How Changing Cold Drink Habits Are Affecting Starbucks' Bottom Line

Starbucks has been under pressure of late. Its high-stakes anti-union campaign diverts company resources and scares off investors. The ongoing pandemic has decimated Starbucks' business in one of its most important markets — China. Ongoing supply chain snafus have increased Starbucks' operating expenses, per CNBC. So, too, has Starbucks' decision to pay higher wages to some baristas — namely those at non-union stores (via CNN). At the same time, most U.S. consumers have not received wage increases enough to offset inflation, leaving many with less disposable income, per Deloitte Insights. While, thus far, this has seemed to affect how much consumers have been saving versus spending, Deloitte observes consumer spending may have finally peaked.

In light of these and other economic realities, Starbucks has been managing investor expectations (via CNBC). Turns out, however, the company's financial results for its third and most recent fiscal quarter were better than expected. Net sales rose 9% and same-store sales increased 3% – despite a 44% decrease in China. Although some portion of these pumped-up revenues may be attributable to inflation (via company press release dated August 2), interim CEO Howard Schultz believes something else is at work. Specifically, Schultz claims "Starbucks' pricing power and customer loyalty" fueled the company's growth over the last quarter. Moreover, he believes Gen Z's obsession with Instagram-able icy cold drinks gives Starbucks a "competitive advantage" (via The New York Times).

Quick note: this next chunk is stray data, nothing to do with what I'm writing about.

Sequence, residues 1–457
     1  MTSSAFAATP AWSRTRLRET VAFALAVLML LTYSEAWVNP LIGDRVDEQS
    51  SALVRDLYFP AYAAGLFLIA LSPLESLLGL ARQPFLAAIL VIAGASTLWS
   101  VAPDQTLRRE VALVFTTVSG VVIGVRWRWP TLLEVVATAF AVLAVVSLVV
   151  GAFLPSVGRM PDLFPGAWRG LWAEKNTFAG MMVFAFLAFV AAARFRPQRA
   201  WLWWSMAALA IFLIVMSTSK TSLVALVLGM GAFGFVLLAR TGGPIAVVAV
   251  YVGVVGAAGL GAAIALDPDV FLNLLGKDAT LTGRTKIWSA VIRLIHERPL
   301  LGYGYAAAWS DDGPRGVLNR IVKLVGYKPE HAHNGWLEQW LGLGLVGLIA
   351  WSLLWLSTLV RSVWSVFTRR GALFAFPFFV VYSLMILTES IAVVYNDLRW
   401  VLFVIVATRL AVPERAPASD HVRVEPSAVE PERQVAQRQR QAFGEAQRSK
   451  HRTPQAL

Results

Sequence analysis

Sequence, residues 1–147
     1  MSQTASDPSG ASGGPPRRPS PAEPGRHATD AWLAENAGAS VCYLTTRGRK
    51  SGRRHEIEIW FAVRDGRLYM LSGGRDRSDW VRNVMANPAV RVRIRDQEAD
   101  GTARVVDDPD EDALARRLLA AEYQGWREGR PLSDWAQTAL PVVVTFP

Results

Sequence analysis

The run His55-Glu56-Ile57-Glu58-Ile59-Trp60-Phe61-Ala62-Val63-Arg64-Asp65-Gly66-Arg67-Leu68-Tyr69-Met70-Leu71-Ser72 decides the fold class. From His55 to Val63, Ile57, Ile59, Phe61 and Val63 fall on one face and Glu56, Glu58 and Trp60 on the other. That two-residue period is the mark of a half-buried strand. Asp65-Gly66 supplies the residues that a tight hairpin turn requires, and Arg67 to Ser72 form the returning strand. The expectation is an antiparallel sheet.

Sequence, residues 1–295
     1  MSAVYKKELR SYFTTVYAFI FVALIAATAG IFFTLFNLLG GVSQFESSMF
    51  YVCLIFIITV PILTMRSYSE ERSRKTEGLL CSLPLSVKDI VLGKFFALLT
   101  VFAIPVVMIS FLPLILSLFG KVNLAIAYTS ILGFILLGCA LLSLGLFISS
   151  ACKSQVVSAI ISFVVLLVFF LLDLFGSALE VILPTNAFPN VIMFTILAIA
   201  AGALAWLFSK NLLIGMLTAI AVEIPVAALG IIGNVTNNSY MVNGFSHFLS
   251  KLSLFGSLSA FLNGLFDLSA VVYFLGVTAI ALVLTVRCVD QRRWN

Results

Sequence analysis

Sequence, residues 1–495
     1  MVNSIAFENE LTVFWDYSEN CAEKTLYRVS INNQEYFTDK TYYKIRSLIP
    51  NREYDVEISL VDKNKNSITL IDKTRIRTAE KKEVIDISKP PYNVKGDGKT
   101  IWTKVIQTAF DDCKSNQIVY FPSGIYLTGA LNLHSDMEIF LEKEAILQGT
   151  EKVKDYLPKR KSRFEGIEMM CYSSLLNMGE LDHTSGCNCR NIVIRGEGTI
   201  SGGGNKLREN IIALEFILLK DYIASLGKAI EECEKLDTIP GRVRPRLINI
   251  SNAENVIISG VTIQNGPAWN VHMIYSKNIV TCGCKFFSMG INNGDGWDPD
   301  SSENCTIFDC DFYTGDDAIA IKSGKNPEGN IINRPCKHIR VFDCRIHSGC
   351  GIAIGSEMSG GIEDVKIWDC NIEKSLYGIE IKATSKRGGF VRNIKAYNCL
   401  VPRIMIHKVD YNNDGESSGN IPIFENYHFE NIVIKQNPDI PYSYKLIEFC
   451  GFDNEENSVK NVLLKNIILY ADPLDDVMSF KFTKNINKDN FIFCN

Cold drink habits die hard, even as recession looms

According to Starbucks CEO Howard Schultz, the company's positive results during 2022's third quarter was helped by Gen Z's seemingly unquenchable craving for customizable cold drinks, per The New York Times. According to CNBC, three-quarters of Starbucks' sales in its most recent quarter were attributable to the popularity of customizable iced beverages. First, those cold Starbucks drinks cost incrementally more with each add-on, of which there are many (e.g., syrups, milks, toppings). Second, Gen Z seems to love posting photos of their custom masterpieces to social media sites (via The New York Times). All this photo-posting would seem only to increase exposure and demand for more of these drinks – at least among the Gen Z cohort, which, Schultz notes, happens to be Starbucks' key demographic (via CNBC). 

Notwithstanding that disposable income appears to be shrinking among consumers, Starbucks customers don't seem willing to sacrifice their iced beverage habit. On the other hand, QSR magazine notes that the cold coffee drink trend is not isolated to Starbucks. Indeed, sales of cold brew coffee drinks at quick-service restaurants were up 27% in April 2022, with iced coffee as the "cold leader."